Forty-five years ago, Dr. Martin Luther King, Jr. delivered a riveting, inspiring, and chastening message to the nation in his "I Have a Dream" speech. He stood in the shadows of the Lincoln Memorial on the mall of the capital of the United States of America while a multitude gathered to hear a message of hope, challenge, prophecy, and--yes--condemnation. King raised concerns about our rich nation being pregnant with promise and possibilities and yet miscarrying on fulfillment of the same.
King charged that "....even though we face the difficulties of today and tomorrow, I still have a dream. It is a dream deeply rooted in the American dream. I have a dream that one day this nation will rise up and live out the true meaning of its creed--'We hold these truths to be self-evident, that all men are created equal'" (Speech in Washington, August 28, 1963). His resonant voice rose in a rhythmic cadence, charging that America had issued a "bad check" against its Constitution and the Declaration of Independence. He observed that the check had come back marked "insufficient funds" for its citizens of color. The impact of this powerful speech culminated in the Civil Rights Act of 1964, a landmark piece of legislation that outlawed segregation in schools, public places, and employment. This eloquent speech was also a watershed event that ultimately contributed to the passage of the Voting Rights Act of 1965, which ensured voting rights of African Americans.
Five years after his famous speech Martin Luther King, Jr. was assassinated in Memphis, Tennessee. His resonant voice was silenced by an assassin's rifle bullet in a city that was not on his original itinerary. So why did Dr. King feel compelled to visit Memphis on that day? This diversion from his planned visit to Washington, D.C. was not supported by his aides, yet he felt duty bound to take part in a protest staged by sanitation workers who were striking for better wages. Instead of attending the Poor People's Campaign in Washington, he felt his presence was needed in Memphis.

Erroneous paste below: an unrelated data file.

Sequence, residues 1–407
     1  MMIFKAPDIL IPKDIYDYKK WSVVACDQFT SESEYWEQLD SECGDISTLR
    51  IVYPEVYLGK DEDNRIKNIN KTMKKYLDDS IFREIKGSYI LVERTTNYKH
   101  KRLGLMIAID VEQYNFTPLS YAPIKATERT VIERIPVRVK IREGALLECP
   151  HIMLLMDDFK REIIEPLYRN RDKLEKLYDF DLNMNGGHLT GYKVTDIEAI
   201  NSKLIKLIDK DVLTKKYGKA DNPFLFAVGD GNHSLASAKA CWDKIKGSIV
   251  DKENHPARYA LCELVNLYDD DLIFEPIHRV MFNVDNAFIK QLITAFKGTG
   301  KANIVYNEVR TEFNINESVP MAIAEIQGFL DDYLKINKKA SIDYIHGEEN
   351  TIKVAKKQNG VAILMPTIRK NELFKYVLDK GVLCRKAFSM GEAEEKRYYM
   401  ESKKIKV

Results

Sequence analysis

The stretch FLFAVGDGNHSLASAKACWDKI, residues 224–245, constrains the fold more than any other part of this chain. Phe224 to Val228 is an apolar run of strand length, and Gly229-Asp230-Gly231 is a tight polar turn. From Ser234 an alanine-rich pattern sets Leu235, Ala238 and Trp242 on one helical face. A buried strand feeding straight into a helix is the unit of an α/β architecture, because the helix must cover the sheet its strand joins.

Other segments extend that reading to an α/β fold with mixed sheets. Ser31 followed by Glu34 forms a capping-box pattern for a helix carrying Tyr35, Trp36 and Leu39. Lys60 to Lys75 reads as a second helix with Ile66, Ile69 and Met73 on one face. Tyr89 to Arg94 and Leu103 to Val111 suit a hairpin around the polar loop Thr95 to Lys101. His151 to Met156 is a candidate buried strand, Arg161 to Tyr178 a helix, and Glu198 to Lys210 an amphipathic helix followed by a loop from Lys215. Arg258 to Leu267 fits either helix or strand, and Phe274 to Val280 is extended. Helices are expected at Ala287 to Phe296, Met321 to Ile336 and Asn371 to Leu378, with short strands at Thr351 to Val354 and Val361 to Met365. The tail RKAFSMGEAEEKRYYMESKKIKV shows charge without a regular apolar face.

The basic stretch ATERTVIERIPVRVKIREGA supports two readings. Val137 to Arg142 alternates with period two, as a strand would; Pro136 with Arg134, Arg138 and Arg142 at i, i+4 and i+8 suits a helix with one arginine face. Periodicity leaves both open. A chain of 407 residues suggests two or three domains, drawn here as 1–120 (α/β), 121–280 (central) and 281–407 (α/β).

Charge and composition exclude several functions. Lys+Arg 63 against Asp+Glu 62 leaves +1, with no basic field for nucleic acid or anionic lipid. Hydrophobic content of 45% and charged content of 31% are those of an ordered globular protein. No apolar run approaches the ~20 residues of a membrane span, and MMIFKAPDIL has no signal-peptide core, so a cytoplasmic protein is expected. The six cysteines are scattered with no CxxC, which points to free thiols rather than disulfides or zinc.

What prompted King to make this trip to Memphis is known only to him, but as a pastoral care leader in a major medical center, I have tried to answer this question by relying on my background as a minister and an academic. Indeed, theologically speaking, Dr. King heard the Macedonian call (Holy Bible, Acts 16:9) for help, and he dropped his own perceived priority to take on a morally emergent one, practicing what he preached in a speech he gave in June 1963 in Detroit. "I submit to you," he said "that if a man hasn't discovered something he will die for, he isn't fit to live."
Forty years after the death of Dr. King there is opportunity to reflect on needs, hopes, and resources of a global community through the prism of the Kingian message of hope. This message focuses on his concept of living in "the beloved community" as elaborated in his book, Stride Toward Freedom (1958). This term was first coined by Josiah Royce, a 20th century American philosopher and founder of the Fellowship of Reconciliation, but Dr. King popularized the term. To him the "beloved community" was one that encapsulated a global yearning for peace and reconciliation wrapped in justice and dignity for all. His understanding resonates with this Baptist pastor, and many others in the world, who have been influenced by his yearning for justice and belief in Mahatma Ghandi's concept of civil disobedience through nonviolence resistance.
All these years later, we are now in a unique position to consider questions about how the Kingian message of hope might impact on the work that is undertaken by researchers in 2008. Reflecting on Dr. King's message, we might pay more attention to how we undertake our research in relation to our environment and the betterment of humankind. …